Paper Republic Grand Voyager
Paper Republic Grand Voyager
Back cover embossing
Back cover embossing
Paper Republic
Paper Republic






Insert and elastics
Insert and elastics
Cover, insert, elastic
Cover, insert, elastic
Insert and elastic
Nice match with the Lamy Copper Orange

Mega Mini-Notebooks Review

The lovely Stu over at Pocket Notebooks sent some United Inkdom members a bumper pack of small notebooks to review. I received a really nicely presented box containing 6 approx. A6 notebooks, and a tiny wee Silvine.

Pocket Notebooks box
Pocket Notebooks box (including a little ‘sweetener’)

All of these notebooks should be able to handle fountain pens, so I decided to put the manufacturers’ claims to the test with a variety of pens and inks. I selected a variety of purple inks for no particular reason except I like purple. Here are the pens I used:

From bottom to top (the order used in the tests):

Tester pen selection
The selection of mostly) purple pens used to put these notebooks through their paces
  • Stabilo Boss purple highlighter
  • Stabilo Boss pastel purple highlighter
  • Zebra Mildliner soft purple
  • Muji gel pen (0.5mm)
  • Staedtler Triplus Fineliner
  • Uni-ball Eye (fine)
  • Pentel Touch brush sign pen
  • Tombow Mono Twin
  • Tombow ABT (636 Imperial Purple)
  • Lamy Safari fountain pen, M nib with Pelikan Edelstein Amethyst ink
  • Faber-Castell Basic fountain pen, EF nib, with Diamine Grape ink
  • Pelikan P405 fountain pen, gold EF nib, with Diamine Imperial Purple ink
  • Vintage Waterman fountain pen, flexible italic nib, with Diamine Asa Blue ink

The Tombow Mono Twin is a permanent, solvent-based ink, which I expected to go through the paper. You would be hard pushed to find through which the Mono Twin wouldn’t bleed- what I was checking here was how well the notebooks stood up to potential feathering with this pen, so judge the results on that rather than bleed.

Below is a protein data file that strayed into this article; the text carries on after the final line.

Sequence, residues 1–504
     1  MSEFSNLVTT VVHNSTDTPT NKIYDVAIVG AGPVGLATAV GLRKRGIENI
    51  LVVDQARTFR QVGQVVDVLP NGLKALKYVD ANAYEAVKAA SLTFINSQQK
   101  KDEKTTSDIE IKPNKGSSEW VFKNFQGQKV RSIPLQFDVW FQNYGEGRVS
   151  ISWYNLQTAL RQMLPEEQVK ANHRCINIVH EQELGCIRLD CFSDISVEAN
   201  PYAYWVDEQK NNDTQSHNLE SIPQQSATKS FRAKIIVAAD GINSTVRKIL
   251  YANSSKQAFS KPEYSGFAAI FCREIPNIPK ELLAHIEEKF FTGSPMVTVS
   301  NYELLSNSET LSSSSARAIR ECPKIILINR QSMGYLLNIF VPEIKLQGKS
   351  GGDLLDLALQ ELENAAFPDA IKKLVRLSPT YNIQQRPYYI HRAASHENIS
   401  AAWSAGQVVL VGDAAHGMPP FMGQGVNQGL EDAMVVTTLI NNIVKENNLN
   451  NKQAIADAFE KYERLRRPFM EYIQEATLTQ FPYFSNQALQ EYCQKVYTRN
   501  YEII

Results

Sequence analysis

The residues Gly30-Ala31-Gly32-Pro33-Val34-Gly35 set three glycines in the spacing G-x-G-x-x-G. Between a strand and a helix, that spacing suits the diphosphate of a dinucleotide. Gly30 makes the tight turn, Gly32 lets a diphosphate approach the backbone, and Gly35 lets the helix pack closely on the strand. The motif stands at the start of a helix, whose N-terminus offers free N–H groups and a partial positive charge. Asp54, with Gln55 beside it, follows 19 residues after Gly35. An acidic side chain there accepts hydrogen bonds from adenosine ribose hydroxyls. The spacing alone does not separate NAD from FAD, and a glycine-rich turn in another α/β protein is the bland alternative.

The vintage Waterman is a VERY wet writer, so this really tested how well the notebooks could deal with a lot of ink. The results were somewhat surprising.


Silvine Pocket



This teeny-tiny notebook is on 110mm x 72mm and 40 pages in size, but is nonetheless an impressive piece of writing kit. They retail for £7.00 for 3 (approx. €8.25 or $9 US). The paper is plain, off-white, and the notebook has a sewn binding.

This unassuming wee notebook was one of the best at standing up to the rigours of the pen test.

None of the pens tested feathered at all, which was impressive. The Mono Twin did bleed through a little but there was no ghosting apart from that.

I’d definitely put Silvine notebooks on my To Buy List, but not this small. I’d be interested in an A5 notebook from this manufacturer if it had the same thick, off-white paper. The tiny pocket would get chewed up in my bag.


The California Back Pocket Journal

California Backpocket Journal
California Back Pocket Journal (right)
California Backpocket pen test
California Back Pocket pen test

These notebooks are slightly smaller than A5 at 88mm x 133mm and have 48 sheets, and a sewn (pamphlet stitch) binding. They’re available in lined, blank (as here), dot grid, graph, or a mixture of plain, lined, and dot grid, and are 3 for £10.50. The paper is 105gsm HP paper which is incredibly smooth.

The paper feels lovely, and handled everything except the very wet vintage nib, which, as you can see, feathered terribly and bled through the page. The bleed through on this was even worse than that of the Mono Twin. This was by far the worst result for the Waterman, which is surprising when everything else fared so well. There was hardly even any ghosting.

The Waterman result aside, this is a nice little notebook.

California backpocket detail
California back Pocket detail
California backpocket verso
California back Pocket verso

Another California Back Pocket: Tomoe River Paper